That Kerouac himself provides all the narration assures us we’re watching a movie fully committed to the Beat mindset. “Early morning in the universe,” he says to set the opening scene. “The wife is gettin’ up, openin’ up the windows, in this loft that’s in the Bowery of the Lower East Side of New York. She’s a painter, and her husband’s a railroad brakeman, and he’s comin’ home in a couple hours, about five hours, from the local.”
Kerouac’s ambling words seem at first like one improvisational element of many. In fact, they provided the production’s only element of improvisation: Frank and company took pains to light, shoot, script, and rehearse with great deliberateness, albeit the kind of deliberateness meant to create the impression of thrown-together, ramshackle spontaneity. But if the kind of careful craft that made Pull My Daisy seems not to fit within the anarchic subcultural collective persona of the Beats, surely the premises of its story and the consequences thereof do. The aforementioned brakeman brings a bishop home for dinner, but his exuberantly low-living buddies decide they want in on the fun. Or if there’s no fun to be had, then, in keeping with what we might identify as Beat principles, they’ll create some of their own. Or at least they’ll create a disturbance, and where could a Beat possibly draw the line between disturbance and fun?
Poet Randall Maggs discusses his book “Night Work” about the troubled soul of legendary hockey goalie Terry Sawchuk plus the nuances of story-telling, conversations with goaltenders, Sawchuk’s Ukrainian heritage and convergence of history and hockey with host Dave Thorvald Olson at the Robson Square covered outdoor rink in Vancouver following a poetry reading promoted by publisher Brick Books.
On Remembrance Day in sunny, brisk Vancouver, Ian Bell (fresh from a CBC appearance “On The Coast“) joins Dave to read from Grandpa Mark’s diaries written in the trenches in WW1 as a young Canadian. From the library steps with a flask of scotch, they reflect on the costs and motivations of war, importance of friendship and the ethereal experience of going “over the top” and facing the terror on the other side, plus anecdotes about capturing Germans soldiers and discourse on the importance of personal documentation to pass forward to generations.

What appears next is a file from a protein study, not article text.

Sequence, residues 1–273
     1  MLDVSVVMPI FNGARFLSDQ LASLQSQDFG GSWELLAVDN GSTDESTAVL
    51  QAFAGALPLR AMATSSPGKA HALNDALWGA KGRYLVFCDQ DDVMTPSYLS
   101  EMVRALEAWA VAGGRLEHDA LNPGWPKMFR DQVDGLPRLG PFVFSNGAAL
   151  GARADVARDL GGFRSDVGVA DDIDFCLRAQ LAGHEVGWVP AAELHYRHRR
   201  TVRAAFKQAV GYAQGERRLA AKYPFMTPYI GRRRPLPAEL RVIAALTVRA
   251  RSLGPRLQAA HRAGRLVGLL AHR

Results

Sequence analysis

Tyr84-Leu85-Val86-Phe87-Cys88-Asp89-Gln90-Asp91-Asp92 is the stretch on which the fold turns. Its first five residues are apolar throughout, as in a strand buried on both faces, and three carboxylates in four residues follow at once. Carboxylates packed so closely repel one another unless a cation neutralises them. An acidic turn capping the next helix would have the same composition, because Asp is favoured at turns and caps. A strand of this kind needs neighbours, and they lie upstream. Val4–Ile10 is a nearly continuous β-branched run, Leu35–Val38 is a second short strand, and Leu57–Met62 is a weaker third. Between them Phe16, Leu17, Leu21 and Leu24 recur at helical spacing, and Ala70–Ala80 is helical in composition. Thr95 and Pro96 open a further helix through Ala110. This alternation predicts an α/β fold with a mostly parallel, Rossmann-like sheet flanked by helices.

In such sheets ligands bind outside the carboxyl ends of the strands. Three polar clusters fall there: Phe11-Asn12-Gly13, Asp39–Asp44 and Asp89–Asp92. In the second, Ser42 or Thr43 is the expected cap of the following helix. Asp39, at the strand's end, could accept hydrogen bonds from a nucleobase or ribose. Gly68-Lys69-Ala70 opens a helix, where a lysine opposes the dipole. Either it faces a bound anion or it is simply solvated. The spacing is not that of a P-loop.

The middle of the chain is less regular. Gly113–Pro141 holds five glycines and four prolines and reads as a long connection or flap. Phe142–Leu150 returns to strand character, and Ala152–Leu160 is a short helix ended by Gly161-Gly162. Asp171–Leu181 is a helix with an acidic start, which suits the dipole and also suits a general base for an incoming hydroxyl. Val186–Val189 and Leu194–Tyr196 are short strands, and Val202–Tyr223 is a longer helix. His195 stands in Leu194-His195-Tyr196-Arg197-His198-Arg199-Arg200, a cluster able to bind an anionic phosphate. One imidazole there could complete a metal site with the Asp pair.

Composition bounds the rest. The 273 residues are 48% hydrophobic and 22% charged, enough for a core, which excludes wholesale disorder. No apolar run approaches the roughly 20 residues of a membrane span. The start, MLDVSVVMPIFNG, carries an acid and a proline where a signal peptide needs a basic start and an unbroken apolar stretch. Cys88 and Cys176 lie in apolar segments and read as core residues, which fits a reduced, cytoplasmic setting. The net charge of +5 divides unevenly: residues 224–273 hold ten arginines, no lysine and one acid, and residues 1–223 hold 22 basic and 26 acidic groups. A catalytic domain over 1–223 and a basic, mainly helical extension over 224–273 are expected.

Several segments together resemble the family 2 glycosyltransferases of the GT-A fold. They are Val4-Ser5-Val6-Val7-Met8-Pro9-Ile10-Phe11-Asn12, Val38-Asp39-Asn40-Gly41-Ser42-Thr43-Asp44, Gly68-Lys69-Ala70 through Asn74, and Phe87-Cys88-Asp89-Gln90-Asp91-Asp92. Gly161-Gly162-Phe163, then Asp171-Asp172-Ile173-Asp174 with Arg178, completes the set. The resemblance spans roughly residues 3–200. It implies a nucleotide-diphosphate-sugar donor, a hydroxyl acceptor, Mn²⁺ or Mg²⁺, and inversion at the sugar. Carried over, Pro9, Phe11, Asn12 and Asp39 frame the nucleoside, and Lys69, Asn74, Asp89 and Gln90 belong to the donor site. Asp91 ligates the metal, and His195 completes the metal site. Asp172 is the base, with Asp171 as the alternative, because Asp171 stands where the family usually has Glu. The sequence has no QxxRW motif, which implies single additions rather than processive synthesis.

From a forested pathway along the open Pacific between Tofino and Ucluelet, DaveO reads poetry from Gary Snyder’s Myths + Texts and Rip Rap plus essays about Wobblies, timber-jacks, logging camp culture, and giant trees from Beloved of the Sky then the words Siddhartha the Buddha spoke upon achieving enlightenment.
Dave O spiels forth about the exploration of rivers and lakes, the impetus for ventures and motivations for trade ~ augmented by autoharp songs by Larry Harper dreaming of floating the Colorado River down Glen Canyon ~ then freeverse – mostly from stumbling around Europa in 1992 – thinking about connectedness, lifespans of mysteries and reasons for peeking into the unknown with Trauben and Funboy providing guitar stylings whilst camping alongside Owl Creek in the British Columbia highlands.
By a campfire on Owl Creek, Dave reads an instructional guide to hitch-hiking about a November trip from South Carolina to Rhode Island with a series of tips including smiling, signs, watches, and going with the flow while Dan Funboy noodles on guitar.
While summertime camping alongside Owl Creek and charging the recorder with the rays of the sun, Dave reads a short story written while on the road with ole dead Grandpa called So the Legends Go (.pdf) – a portrait of life one morning in Navajo Nation in 1987 – accompanied by adolescent observations and musings. Accompanied by Dan Funboy on guitar and solar-powered vaporizer.
From Halfmoon Bay on Clayoquot Sound, Vancouver Island, Dave gives it up for zen poet hero Gary Snyder and recounts beat history from The Old Ways and logging culture from Myths and Texts plus poems about hitchhiking, girls, baths, clear-cuts and the Buddha – then finishes with original freeverse poetry about the transient experience called “Railyards Passing By.”
Alongside raging Lynn Creek, Dave remarks about boulders which are indeed interesting as the sign pointed out, then reads a haibun about books and statues on a curly maple shelf, and poems about buying hardware and fruit in Bucerias, mysterious curves and clouds, and solace for weary delirious travelers, while Wm. Lenker sings the traditional folksong Moonshiner (Rye Whiskey).
From a skunk-scented perch along Mosquito Creek, Dave spiels about feverish dreams in a Mexican clinic, personal archeology, mirages about the Wonder Hotel, and reads verse about late trains, dammed rivers, watching ships, and men in white coats walking past.